February 14, 2014
1 min read

BLOG: Is your practice large enough? Part 2

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Read more from John B. Pinto.

The largest single influence on a practice’s development trajectory is doctor ambition and a willingness to risk both capital and colleague jealousy. A gung-ho physician in a tough, doctor-saturated market is generally far more successful than an average doctor operating in a market that is underserved and ripe for conquest. The same competitive instincts that drive some surgeons to the top of their class often lead them to be winners in a raw commercial sense, as well. A manager’s ambition can be more important than the doctor-owner’s, although there are a few managers I meet each year who, in their commendable zeal for the practice, get a little too far out ahead of their doctors.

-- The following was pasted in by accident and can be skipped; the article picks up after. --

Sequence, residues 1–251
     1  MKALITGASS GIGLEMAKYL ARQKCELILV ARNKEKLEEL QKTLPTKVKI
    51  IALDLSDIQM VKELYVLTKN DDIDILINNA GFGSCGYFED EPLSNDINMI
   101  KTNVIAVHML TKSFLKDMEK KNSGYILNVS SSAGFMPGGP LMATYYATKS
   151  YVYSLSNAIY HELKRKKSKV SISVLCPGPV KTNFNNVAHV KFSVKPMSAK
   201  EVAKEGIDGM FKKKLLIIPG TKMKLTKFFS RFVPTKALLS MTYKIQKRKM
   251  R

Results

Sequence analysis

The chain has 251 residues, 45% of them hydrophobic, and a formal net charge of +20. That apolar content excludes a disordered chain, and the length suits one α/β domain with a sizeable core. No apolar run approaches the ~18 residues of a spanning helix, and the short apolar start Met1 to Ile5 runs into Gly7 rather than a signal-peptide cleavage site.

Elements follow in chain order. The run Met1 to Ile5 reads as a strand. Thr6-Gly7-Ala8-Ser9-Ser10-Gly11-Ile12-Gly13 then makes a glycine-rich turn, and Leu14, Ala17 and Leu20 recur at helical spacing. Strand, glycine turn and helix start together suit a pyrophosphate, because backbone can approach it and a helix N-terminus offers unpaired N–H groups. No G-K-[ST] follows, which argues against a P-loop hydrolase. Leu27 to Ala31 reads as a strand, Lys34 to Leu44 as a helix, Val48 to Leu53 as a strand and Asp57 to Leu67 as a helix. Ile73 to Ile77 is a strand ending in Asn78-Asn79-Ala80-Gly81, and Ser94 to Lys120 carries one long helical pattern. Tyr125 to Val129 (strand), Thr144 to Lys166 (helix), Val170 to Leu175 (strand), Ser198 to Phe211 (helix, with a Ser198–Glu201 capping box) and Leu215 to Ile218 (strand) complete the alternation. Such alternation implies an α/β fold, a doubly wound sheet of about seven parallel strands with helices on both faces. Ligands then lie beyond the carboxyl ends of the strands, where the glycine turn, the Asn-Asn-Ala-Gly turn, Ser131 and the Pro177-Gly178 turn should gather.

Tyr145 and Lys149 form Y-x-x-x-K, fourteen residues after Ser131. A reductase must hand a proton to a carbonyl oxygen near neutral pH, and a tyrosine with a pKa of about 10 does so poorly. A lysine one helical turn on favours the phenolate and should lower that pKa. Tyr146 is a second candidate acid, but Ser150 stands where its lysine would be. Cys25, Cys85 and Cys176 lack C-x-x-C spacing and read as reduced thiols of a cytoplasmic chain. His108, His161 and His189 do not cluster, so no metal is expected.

Innate market factors rank just after doctor ambition as a growth barrier or enhancer. 

The size of the practice’s market and the number of competing providers critically influence how large a practice can get. A large urban hub has more potential patients. Unfortunately, large markets in population terms are often the most crowded with excess ophthalmologists and optometrists.

 Large markets are also ground zero for managed care competition, which more often than not reduces reimbursement and distributes patients to those doctors who are most willing to capitate — and capitulate — on fees. The result can be a market like Los Angeles, with most practices operating at extremely low profit margins. It’s critical in such practices that subsequent development work be focused on gaining new, higher-margin patient sources.